@Wow: You missed the point entirely. I am not "trying not to work." Please stop insulting me in this fashion. I love my job teaching in the classroom. I hate teaching online. What I hate more is dying or, as another teacher points out, having permanent lung damage, or passing on the virus to my medically compromised family member. I want to do my job in the best way possible, as safely as possible. As I said before, stop asking me to sacrifice my family. I would never ask that of you or any other member of this community. And remember, I am on the record as saying I would take a bullet for your child. What I will not do is throw my family in front of that bullet. As a parent who cares for your children, surely you can understand that.


7 people like this
Posted by we can do better
a resident of Community Center
on Jul 18, 2020 at 7:06 pm

[Post removed due to same poster using multiple names]


10 people like this
Posted by parent
a resident of Community Center
on Jul 18, 2020 at 8:01 pm

If teachers have preexisting conditions or family members, in that case, the district should provide a substitute teacher. Now who will pay for those teachers and sub? Rest of the teachers who like to teach hybrid model are welcome to join.

But no point of discussing anything since teachers and the union decided for online learning.


23 people like this
Posted by The Voice of Palo Alto
a resident of Crescent Park
on Jul 18, 2020 at 8:59 pm

1. I think we are a little past the point where we should believe the virus only effects people that have pre-existing conditions and “old people.”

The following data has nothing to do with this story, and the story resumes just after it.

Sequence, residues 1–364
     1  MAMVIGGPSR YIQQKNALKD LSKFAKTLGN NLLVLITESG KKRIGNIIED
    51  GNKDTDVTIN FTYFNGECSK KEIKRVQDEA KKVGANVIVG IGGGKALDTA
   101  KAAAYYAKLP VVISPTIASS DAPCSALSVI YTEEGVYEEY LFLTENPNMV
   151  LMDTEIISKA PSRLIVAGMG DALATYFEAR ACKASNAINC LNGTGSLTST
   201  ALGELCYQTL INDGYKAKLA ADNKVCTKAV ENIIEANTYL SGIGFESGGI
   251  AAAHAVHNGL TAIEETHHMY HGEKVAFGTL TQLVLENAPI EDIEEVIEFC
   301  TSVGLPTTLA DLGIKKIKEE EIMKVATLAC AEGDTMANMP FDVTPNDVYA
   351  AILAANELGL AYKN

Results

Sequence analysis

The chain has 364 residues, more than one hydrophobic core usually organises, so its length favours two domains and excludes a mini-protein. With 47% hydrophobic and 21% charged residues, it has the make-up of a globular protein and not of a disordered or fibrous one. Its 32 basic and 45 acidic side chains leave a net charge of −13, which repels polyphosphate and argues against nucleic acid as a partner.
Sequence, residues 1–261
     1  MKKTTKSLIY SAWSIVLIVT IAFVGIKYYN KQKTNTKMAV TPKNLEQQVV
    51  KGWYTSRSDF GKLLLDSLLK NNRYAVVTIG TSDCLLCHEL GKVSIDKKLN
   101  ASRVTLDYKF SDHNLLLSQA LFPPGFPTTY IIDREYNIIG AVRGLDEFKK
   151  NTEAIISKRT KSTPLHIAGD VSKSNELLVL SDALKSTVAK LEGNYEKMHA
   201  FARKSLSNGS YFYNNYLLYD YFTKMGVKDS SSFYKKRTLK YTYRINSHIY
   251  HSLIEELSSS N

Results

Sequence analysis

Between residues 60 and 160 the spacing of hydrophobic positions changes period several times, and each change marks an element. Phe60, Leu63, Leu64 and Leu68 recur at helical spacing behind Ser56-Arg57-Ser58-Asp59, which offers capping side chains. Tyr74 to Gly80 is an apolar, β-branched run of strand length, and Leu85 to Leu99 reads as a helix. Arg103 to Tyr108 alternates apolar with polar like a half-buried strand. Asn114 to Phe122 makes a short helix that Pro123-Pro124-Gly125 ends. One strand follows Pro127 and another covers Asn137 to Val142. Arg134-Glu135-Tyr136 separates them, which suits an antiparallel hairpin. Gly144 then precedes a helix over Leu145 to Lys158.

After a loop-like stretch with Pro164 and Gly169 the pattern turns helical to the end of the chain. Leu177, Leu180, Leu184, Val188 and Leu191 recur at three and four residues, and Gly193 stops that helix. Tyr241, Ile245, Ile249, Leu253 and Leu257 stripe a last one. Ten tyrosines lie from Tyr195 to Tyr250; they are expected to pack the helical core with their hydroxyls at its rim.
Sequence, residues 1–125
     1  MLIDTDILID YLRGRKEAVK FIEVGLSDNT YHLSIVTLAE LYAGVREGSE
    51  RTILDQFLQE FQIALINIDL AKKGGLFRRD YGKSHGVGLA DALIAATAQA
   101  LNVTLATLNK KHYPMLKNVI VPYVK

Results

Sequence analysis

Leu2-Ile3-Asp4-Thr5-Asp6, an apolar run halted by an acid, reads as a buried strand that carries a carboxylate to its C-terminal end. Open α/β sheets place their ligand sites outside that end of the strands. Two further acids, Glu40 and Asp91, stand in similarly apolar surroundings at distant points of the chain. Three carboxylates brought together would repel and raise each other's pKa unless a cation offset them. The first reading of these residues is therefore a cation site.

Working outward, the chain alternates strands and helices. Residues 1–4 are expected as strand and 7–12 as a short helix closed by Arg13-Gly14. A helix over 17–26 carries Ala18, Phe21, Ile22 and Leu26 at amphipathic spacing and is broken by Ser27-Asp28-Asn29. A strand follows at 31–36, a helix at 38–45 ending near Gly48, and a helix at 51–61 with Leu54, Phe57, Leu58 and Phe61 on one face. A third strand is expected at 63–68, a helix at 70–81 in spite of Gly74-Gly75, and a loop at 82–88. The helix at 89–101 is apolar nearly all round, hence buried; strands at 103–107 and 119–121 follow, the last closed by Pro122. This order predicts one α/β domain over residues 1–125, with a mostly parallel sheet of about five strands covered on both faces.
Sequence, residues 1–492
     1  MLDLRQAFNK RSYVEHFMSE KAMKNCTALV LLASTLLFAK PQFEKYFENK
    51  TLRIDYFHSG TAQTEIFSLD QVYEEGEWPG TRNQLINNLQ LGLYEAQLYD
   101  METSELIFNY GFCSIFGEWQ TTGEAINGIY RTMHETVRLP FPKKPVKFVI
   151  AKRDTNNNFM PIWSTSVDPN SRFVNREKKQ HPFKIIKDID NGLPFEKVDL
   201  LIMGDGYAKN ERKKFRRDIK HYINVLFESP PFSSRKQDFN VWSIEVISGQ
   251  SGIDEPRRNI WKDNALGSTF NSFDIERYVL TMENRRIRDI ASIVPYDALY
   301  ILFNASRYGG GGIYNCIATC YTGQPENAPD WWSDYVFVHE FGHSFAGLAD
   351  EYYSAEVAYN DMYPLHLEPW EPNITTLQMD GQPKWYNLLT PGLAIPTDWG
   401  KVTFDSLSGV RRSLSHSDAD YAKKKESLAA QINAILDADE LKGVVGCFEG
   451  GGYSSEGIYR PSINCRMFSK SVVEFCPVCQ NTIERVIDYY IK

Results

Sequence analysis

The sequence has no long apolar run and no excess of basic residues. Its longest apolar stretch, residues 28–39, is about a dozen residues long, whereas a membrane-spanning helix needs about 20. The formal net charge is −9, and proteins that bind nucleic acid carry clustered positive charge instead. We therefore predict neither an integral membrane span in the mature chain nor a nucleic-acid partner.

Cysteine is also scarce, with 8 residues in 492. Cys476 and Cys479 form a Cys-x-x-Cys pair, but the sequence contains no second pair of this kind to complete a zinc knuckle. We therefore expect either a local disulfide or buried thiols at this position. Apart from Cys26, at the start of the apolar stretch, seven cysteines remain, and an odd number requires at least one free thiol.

2. Newsom made a top down decision yesterday and it wasn’t the teacher’s union decision so that is misinformation.
3. Although I do have empathy for your child care situation, it is not the direct responsibility of teachers to be there for your child care needs so they are not ducking their responsibilities as you proposed in your post. That is a bit of “free service” or “side benefit” you receive when schools are open. Schools are now closed and you will unfortunately have to forgive out your child care. A teacher’s main purpose is to educate your child and that will be done online so it is not “wrong on all accounts” like you also stated.
I am sure teachers will be able to look at themselves in the mirror proudly enough because...they...are...alive. Teachers are under no obligation to be “heroes of the pandemic.”
For some more discourse on this topic, can someone please explain to me with this unsafe return against current health recommendations everyone is clamoring for, what will happen if a teacher dies? If a teacher dies, they wouldn’t be able to teach anyway so they wouldn’t be providing the service you currently want. I guess they will just be replaced? What kind of an effect will that have on children if their teacher passes away? What happens if a school has multiple closures due to outbreaks? What’s the plan there? Would you then agree to Distance Learning? Do you think it just won’t happen here? Does the community just not care and will just move on? What happens if your child gets the virus? What happens if your child brings the virus home to you?
Please explain.
This just happened over the summer and the students weren’t even there:
Web Link
This is real.


11 people like this
Posted by Another veteran teacher
a resident of another community
on Jul 18, 2020 at 9:08 pm